Efficient generation of H2 by splitting water with an isothermal redox cycle

Christopher L. Muhich, Brian W. Evanko, Kayla C. Weston, Paul Lichty, Xinhua Liang, Janna Martinek, Charles B. Musgrave, Alan W. Weimer

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Abstract

Solar thermal water-splitting (STWS) cycles have long been recognized as a desirable means of generating hydrogen gas (H2) from water and sunlight. Two-step, metal oxide-based STWS cycles generate H2 by sequential high-temperature reduction and water reoxidation of a metal oxide. The temperature swings between reduction and oxidation steps long thought necessary for STWS have stifled STWS's overall efficiency because of thermal and time losses that occur during the frequent heating and cooling of the metal oxide. We show that these temperature swings are unnecessary and that isothermal water splitting (ITWS) at 1350°C using the "hercynite cycle" exhibits H2 production capacity >3 and >12 times that of hercynite and ceria, respectively, per mass of active material when reduced at 1350°C and reoxidized at 1000°C.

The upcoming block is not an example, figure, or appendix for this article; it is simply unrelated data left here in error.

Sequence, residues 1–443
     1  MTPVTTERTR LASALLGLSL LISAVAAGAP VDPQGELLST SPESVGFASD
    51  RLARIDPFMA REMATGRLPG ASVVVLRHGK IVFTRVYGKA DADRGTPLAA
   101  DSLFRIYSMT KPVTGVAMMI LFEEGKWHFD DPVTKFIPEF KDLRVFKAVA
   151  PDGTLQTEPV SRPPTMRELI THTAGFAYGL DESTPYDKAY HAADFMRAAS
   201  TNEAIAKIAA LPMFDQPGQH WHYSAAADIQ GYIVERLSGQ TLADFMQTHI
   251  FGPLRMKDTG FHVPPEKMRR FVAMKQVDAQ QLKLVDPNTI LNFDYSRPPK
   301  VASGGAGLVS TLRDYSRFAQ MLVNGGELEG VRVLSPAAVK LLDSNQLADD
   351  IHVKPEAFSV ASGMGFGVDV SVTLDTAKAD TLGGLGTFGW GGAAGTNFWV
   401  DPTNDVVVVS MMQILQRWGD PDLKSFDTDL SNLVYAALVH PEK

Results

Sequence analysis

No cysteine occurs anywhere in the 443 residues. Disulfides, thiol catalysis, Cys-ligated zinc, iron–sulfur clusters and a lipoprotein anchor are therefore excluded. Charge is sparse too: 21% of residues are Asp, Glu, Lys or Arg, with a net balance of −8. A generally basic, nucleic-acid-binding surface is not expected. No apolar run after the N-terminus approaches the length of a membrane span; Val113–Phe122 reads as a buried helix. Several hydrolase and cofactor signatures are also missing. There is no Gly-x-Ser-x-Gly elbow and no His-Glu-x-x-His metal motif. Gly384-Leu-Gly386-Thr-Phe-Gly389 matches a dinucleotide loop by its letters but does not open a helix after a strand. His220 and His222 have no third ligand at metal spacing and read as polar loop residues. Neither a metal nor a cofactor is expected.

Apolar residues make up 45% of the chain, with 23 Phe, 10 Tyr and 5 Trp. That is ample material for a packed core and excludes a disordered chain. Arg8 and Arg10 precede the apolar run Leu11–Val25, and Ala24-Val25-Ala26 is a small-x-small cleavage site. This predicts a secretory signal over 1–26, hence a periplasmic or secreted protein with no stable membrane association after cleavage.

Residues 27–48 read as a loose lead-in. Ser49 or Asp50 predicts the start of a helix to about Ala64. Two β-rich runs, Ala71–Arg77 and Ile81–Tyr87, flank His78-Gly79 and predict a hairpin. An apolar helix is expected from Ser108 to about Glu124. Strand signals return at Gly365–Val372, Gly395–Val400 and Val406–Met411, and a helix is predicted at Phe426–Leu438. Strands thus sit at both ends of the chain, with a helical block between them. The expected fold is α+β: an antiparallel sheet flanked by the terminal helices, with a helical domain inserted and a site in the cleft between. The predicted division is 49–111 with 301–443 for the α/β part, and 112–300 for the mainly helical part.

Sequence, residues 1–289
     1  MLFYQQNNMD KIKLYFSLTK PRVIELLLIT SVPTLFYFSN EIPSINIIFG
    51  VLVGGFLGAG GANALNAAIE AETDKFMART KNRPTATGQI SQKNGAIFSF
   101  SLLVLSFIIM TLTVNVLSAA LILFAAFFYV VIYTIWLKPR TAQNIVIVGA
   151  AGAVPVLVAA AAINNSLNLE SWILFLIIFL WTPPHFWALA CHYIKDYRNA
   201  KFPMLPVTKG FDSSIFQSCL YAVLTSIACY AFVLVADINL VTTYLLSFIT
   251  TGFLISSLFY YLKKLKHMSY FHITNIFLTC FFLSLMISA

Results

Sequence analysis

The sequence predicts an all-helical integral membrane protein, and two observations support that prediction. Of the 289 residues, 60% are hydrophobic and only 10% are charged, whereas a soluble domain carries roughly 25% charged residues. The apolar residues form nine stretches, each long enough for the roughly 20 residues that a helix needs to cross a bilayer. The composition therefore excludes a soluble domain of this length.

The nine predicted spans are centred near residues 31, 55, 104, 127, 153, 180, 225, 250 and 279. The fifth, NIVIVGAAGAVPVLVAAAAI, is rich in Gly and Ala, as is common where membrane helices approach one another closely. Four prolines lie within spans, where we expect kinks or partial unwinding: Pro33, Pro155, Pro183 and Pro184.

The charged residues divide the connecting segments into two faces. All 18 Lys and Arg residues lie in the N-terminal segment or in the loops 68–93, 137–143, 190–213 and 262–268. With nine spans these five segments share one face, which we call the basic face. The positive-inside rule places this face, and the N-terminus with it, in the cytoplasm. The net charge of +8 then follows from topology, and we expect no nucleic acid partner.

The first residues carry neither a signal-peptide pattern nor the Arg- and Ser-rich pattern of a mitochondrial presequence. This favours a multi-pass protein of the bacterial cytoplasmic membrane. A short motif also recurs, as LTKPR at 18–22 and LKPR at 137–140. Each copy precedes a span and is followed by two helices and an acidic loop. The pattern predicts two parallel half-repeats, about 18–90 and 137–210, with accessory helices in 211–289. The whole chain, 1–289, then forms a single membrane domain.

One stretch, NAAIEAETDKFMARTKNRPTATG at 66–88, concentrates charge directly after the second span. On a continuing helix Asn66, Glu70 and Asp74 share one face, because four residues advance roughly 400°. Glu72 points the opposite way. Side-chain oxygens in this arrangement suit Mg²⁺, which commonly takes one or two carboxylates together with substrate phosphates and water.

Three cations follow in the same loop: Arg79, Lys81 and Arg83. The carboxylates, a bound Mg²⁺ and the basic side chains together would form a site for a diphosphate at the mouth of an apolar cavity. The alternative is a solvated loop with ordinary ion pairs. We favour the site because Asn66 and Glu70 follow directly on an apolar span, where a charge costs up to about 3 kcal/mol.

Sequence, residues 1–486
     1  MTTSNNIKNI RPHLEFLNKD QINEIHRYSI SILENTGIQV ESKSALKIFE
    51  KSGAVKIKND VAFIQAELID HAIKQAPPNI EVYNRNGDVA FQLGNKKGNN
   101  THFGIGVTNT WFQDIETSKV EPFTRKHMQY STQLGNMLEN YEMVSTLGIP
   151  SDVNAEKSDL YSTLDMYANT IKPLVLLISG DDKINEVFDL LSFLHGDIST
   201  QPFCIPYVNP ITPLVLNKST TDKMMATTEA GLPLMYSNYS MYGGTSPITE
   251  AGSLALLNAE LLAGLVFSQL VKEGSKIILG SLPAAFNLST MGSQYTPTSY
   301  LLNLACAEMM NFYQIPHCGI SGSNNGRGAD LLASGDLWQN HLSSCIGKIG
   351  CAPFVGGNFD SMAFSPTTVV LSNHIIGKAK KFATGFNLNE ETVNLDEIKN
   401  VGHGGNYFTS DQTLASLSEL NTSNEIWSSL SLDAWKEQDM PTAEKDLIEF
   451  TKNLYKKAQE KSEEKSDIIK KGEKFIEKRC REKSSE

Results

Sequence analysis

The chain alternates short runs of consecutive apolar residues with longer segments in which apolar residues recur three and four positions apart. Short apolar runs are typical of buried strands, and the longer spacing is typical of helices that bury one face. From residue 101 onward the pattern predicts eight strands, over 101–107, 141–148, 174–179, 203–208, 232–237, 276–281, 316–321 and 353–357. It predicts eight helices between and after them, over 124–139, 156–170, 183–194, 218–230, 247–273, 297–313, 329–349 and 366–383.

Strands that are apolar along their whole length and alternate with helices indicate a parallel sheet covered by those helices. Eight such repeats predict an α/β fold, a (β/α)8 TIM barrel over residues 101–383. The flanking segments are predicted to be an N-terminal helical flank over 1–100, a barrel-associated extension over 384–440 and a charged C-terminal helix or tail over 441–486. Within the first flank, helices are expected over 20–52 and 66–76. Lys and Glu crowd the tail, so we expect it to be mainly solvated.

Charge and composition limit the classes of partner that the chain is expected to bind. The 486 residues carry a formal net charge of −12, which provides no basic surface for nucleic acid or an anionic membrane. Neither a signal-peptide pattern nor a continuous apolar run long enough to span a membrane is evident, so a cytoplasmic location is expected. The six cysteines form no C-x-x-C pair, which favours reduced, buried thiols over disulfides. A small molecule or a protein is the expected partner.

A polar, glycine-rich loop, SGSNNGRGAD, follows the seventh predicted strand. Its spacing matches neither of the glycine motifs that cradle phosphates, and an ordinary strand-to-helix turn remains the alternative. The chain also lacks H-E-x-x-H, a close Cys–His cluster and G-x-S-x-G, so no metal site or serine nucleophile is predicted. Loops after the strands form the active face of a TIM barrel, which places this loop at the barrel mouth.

Original languageEnglish (US)
Pages (from-to)540-542
Number of pages3
JournalScience
Volume341
Issue number6145
DOIs
StatePublished - Jan 1 2013
Externally publishedYes

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Cite this

Muhich, C. L., Evanko, B. W., Weston, K. C., Lichty, P., Liang, X., Martinek, J., Musgrave, C. B., & Weimer, A. W. (2013). Efficient generation of H2 by splitting water with an isothermal redox cycle. Science, 341(6145), 540-542. https://doi.org/10.1126/science.1239454